CLAHRC WM takes a large interest in the clinician-patient relationship – the Director has a special interest in the doctor-patient relationship. Moreover, CLAHRC WM has developed a research protocol (led by Prof Julian Bion) to evaluate methods to augment compassion in acute medical care. But the doctors and clinicians are under broader influences than their immediate work environment and their post-professional education. Despite a similar education and environment some give much more of themselves than others. There are broader personal and cultural influences at work. So one may suppose that doctors who are very religious might give more than their secular peers. Well, any research on that lies in the future. But as far as human beings as a whole are concerned, the Economist provides a synopsis  of a fascinating study. They studied altruistic responses using a variant of the well-studied Dictator Game, which is a validated test of altruism. The investigators interviewed 1,170 children, one per family, across six countries. About half of the families turned out to be religious, and half of these were ‘highly observant’. So were the children of pious families more altruistic than their peers? Were they equally altruistic? Could it be that they were less altruistic? Well it turned out that children of non-religious families were more altruistic than their peers. What’s going on here? Is there a flaw in the study? If not, how can the results be explained? The CLAHRC WM Director is surprised by this result and has no answer to these questions.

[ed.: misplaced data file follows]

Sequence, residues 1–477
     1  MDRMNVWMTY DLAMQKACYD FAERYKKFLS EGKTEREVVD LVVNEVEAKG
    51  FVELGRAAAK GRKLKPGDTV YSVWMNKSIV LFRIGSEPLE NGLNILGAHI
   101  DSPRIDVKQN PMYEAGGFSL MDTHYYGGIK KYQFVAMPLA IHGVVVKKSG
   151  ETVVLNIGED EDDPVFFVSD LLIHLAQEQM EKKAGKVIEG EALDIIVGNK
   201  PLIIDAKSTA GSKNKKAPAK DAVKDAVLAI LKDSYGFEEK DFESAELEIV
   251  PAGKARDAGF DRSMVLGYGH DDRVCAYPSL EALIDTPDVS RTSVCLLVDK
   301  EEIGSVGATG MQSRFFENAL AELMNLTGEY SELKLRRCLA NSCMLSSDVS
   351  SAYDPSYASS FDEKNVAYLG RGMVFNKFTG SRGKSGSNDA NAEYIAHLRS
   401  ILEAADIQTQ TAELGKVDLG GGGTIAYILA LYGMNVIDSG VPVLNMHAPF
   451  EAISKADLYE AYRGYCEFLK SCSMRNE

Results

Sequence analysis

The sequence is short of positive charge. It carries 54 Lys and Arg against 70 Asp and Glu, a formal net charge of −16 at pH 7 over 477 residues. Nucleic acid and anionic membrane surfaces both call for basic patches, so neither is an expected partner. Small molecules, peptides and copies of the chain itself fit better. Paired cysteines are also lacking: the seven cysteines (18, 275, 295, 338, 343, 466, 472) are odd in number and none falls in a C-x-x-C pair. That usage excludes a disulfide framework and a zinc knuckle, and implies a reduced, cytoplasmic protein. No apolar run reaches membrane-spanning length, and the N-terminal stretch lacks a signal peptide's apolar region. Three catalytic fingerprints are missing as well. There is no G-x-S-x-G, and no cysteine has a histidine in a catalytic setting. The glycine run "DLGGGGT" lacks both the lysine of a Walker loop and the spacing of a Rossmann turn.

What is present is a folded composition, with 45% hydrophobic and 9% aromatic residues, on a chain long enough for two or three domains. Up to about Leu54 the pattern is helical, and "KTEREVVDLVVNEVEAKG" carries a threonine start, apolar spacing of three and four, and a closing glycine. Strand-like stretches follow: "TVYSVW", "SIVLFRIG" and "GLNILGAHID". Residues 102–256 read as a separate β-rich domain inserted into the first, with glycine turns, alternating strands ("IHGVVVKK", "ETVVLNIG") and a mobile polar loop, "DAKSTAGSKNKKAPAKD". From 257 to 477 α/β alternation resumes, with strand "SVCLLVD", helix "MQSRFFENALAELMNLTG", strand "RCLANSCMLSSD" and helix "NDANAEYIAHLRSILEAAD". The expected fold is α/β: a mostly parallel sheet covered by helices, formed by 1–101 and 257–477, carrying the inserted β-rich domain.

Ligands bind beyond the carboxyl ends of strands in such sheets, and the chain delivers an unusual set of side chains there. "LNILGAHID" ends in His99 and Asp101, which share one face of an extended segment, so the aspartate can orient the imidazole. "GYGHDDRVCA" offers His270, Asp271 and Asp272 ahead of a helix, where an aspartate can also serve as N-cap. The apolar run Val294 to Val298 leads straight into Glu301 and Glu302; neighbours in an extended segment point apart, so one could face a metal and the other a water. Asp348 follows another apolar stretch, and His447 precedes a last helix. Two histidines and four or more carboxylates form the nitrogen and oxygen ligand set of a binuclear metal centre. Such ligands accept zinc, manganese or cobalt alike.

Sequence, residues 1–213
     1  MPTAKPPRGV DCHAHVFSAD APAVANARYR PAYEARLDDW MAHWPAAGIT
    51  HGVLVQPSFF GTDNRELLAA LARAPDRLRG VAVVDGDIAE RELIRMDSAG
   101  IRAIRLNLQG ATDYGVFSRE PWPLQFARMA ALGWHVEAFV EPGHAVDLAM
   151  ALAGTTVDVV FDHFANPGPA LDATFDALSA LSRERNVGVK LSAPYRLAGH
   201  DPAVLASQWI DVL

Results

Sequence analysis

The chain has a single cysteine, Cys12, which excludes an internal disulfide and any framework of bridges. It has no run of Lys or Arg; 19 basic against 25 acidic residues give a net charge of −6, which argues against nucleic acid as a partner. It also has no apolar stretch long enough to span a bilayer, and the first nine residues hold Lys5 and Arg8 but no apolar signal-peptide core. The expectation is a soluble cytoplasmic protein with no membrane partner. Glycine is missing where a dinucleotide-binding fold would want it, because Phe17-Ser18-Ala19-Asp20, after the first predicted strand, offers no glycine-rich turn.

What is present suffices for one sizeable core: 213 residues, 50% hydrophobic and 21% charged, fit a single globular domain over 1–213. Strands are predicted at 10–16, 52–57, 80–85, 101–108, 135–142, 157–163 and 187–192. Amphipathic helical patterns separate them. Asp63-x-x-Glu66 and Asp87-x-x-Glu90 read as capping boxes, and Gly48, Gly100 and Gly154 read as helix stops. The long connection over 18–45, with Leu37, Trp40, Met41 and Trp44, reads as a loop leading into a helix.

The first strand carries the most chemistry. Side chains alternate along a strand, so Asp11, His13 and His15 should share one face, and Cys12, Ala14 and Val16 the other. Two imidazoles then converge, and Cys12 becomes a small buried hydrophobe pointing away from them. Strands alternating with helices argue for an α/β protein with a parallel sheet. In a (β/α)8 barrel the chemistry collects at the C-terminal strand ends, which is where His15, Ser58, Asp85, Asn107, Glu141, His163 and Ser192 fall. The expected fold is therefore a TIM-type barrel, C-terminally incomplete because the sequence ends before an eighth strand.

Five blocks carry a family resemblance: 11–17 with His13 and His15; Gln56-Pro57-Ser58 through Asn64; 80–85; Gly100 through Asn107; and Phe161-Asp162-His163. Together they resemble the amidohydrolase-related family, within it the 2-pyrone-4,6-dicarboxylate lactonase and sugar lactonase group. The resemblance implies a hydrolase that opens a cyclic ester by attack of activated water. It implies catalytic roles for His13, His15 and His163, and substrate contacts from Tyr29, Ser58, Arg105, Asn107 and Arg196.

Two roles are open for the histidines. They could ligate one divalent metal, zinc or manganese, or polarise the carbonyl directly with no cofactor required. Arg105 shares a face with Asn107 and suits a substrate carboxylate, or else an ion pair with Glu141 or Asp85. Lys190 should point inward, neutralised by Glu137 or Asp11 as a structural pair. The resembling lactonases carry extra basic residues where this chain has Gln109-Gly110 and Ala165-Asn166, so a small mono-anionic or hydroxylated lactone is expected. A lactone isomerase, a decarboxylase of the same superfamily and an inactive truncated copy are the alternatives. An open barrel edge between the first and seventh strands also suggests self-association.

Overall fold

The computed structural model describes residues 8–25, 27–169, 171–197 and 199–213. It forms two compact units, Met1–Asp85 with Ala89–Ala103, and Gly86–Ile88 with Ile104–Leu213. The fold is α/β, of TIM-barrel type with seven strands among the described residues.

— Richard Lilford, CLAHRC WM Director
- The Economist. Matthew 22:39. The Economist. 07 Nov 2015.
- Decety J, Cowell JM, Lee K, et al. The Negative Association between Religiousness and Children’s Altruism across the World. Curr Biol. 2015; 25(22): 2951-5.